While exploring in session how loneliness can sometimes drive us to accept relationships that are not in our best interests, I heard a client also speak to how, “when things are good, she really enjoys her alone time.” That felt like a moment of internal and universal wisdom coming through, and I thought it could be useful to others who struggle with loneliness.
What comes to mind for me is how being alone can be very different than being lonely. This is not a new subject of exploration, and I’m sure several books have been written about it. Yet, in my work, I feel it is important to consider the part this difference plays in how we come together (or not), either through genuine love and affection or through attempts to relieve some inner tension or turmoil.
When I think of being alone, I think of the phrase, “I really need my alone time.” Like my client, when we feel good about ourselves and our place in our worlds, spending time with self, alone, can be a productive and regenerative process. Meditation has been shown to grow important neural networks in our brains that help us cope with the difficulties in the world. For introverts, alone time can feel crucial to survival.
When I think of loneliness, I think of the lyric about being “so lonesome, I could cry.” (Or is it “die?” I really don’t know! But that is an interesting mind slip that I might take up in another post.) Solitary confinement is the ultimate punishment in prison. For some, loneliness equals death in that we feel we don’t matter to anyone and we may as well be “dead to the world” when we feel loneliness that abjectly. There is a great deal of power in that state, and it can be devastating.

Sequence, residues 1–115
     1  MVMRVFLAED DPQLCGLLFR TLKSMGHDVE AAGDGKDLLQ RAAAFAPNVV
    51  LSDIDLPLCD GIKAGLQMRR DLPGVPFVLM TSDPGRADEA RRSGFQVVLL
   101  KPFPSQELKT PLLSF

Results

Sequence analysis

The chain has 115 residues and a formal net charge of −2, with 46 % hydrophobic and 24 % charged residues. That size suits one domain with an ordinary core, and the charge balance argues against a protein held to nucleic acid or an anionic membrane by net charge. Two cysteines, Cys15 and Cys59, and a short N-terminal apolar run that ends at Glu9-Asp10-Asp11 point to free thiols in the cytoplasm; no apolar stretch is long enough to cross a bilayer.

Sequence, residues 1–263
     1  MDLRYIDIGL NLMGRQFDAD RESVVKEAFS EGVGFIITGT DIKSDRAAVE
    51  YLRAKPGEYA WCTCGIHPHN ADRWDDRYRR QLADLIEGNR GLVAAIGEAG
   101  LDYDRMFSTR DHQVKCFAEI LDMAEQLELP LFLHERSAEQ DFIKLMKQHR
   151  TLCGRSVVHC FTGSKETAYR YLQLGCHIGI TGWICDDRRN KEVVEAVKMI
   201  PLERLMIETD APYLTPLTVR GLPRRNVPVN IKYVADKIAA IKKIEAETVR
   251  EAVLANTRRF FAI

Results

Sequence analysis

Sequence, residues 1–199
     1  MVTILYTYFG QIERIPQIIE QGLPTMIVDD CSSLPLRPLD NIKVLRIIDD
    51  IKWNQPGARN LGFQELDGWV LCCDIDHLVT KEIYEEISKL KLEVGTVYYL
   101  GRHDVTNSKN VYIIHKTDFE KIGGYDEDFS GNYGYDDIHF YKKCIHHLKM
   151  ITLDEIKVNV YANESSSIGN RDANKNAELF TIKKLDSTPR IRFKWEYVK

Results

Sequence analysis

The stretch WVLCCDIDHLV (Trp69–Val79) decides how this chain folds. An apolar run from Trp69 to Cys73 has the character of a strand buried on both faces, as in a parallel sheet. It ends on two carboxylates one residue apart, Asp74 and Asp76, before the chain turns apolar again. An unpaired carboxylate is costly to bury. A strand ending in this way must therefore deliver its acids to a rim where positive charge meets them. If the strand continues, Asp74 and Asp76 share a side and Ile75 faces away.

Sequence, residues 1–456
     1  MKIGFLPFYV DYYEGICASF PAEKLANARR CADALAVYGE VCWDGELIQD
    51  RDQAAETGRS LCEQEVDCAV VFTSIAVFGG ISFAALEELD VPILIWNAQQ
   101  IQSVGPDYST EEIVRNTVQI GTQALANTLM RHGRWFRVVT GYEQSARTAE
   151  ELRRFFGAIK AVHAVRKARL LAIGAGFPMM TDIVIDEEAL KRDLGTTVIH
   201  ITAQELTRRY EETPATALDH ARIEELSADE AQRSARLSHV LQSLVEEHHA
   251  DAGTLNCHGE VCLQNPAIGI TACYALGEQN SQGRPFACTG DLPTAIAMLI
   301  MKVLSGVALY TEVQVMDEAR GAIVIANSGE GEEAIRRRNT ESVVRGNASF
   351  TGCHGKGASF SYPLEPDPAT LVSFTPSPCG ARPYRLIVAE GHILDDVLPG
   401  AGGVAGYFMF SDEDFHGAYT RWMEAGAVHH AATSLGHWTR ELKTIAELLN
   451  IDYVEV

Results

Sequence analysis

So, for my purposes, I’m interested in a better understanding of what makes these two experiences of being a solitary person in a certain time and place so different and how that difference plays out in relationships.
I’m not ignoring the idea that one can feel lonely in a crowd. In fact, that experience seems to stem from feeling one’s solitariness instead of connection when in the crowd. And, maybe that’s the first difference. That the experience of loneliness is really about feeling connected or disconnected to others. One can be alone but hold others in one’s heart and not feel loneliness. Conversely, one can be in a group of people and feel so disconnected to the group that it registers as loneliness.
Another possible difference between being alone and loneliness is that “alone time” can feel more like a choice, whereas loneliness can feel imposed upon us. Thus, it can lead to a sense of hopelessness and helplessness that can be so excruciating that we will do whatever it takes to find solace or relief–including staying in hurtful relationships.
At the same time, loneliness may come from isolating oneself, which seems like a choice; however, if the isolation is coming from such a strong sense of shame or unworthiness (of others’ attention and regard), then it can be understandable that isolation still feels put upon us even though we may be “choosing” it as a remedy for the fear of shame or unworthiness. In the same vein, if others feel so unsafe to us because they hurt us or abandon us, then the option of connection versus isolation can feel like a false choice.
So, loneliness can be a frustrating dilemma in that, while we need to feel safe and bonded with others in order to enjoy the fruits of being alone, it can be hard to connect in a way that supports a comfort with “alone time” for many reasons.
The idea in relational counseling is to help those in this dilemma start the process of opening up to truly loving and affirming connections: pulling unspeakable feelings of unworthiness from the darkness of shame into the light of another’s compassionate gaze or touch. In couples counseling, this process is heightened by feeling the healing love of the most important person in our lives in the face of our most fearful ideas of self and others.